Legitimate communications techniques and software routinely used in enabling an organisation’s IT to function safely will be rendered technically illegal by provisions in the Crimes Amendment (No 6) Bill, frequently called the “anti-hacking” bill.
So says Auckland University senior commercial law lecturer Chris Nicoll in the March issue of the New Zealand Law Journal.
He cites the example of a simple ping or trace-route to establish the status of a remote computer or the efficiency of the link to it. A litigious or vindictive owner of the target machine might construe this as an unauthorised intrusion into the system. And the sale of a security testing program such as Satan might be interpreted as offering for sale software which could be used for a criminal purpose.
Internet cookies and some versions of Microsoft’s Registration Wizard might also be judged to be on the wrong side of the law, Nicoll suggests.
The Crimes Amendment Bill and several other bills currently before parliament reflect the view that “what holds offline should also hold online”, he says. A recent international study has called this “a romantic and outdated concept”. In the case of trespassing on private land, the fact and intention of access and a lack of authorisation to do so are comparatively easily defined, Nicoll says. Either is more complex in the computer and network realm. Explicit authority will sometimes not have been given, with entry permitted by default, as in the case of a ping or trace-route. These are seldom blocked “because they are forms of access that it is in the ‘enlightened self-interest’ of users to perpetuate”, Nicoll writes.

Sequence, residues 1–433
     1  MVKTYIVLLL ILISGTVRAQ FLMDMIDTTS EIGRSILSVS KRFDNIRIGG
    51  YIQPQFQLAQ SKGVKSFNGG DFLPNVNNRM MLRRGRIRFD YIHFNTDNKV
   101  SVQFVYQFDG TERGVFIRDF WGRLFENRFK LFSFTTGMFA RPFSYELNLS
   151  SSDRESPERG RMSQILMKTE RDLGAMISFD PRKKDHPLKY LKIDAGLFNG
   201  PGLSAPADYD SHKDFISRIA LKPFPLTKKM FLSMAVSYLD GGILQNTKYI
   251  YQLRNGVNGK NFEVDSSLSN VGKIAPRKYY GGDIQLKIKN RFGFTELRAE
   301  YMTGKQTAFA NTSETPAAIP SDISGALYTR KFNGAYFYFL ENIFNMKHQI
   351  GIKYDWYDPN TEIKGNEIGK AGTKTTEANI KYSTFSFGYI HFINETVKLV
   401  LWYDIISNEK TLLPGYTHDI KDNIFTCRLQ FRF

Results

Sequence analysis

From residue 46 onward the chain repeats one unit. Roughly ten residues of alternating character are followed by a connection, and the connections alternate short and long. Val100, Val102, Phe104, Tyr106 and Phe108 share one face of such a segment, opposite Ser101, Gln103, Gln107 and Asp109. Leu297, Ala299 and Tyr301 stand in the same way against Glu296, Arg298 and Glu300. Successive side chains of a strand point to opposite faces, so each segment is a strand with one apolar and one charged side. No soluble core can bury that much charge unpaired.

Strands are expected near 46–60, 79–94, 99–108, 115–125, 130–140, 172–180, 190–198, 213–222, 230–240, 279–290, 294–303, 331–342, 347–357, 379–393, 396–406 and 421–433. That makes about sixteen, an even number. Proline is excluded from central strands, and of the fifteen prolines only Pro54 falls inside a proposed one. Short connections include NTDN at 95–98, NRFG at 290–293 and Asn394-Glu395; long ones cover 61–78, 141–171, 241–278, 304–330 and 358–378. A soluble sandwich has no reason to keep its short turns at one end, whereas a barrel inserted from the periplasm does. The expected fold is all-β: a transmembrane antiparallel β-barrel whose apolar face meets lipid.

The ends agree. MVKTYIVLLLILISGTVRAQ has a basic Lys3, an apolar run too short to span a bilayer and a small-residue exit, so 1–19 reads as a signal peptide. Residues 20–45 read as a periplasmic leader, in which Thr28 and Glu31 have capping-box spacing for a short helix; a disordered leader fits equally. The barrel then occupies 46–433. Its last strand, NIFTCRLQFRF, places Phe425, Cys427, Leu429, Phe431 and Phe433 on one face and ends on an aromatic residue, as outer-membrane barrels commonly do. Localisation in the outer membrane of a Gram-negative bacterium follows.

Clause 252, a late introduction to the bill, criminalises the selling of software “that [the seller] holds out as being useful for the commission of a crime, whether or not he or she also holds it out as being useful for any other purpose”.
This statement is “an unacceptable form of censorship, because it prevents the factual description of a product”, Nicoll says.
“There is a world of difference between telling the public that a product can be used for an illegal purpose, and encouraging or inciting its use for that purpose.”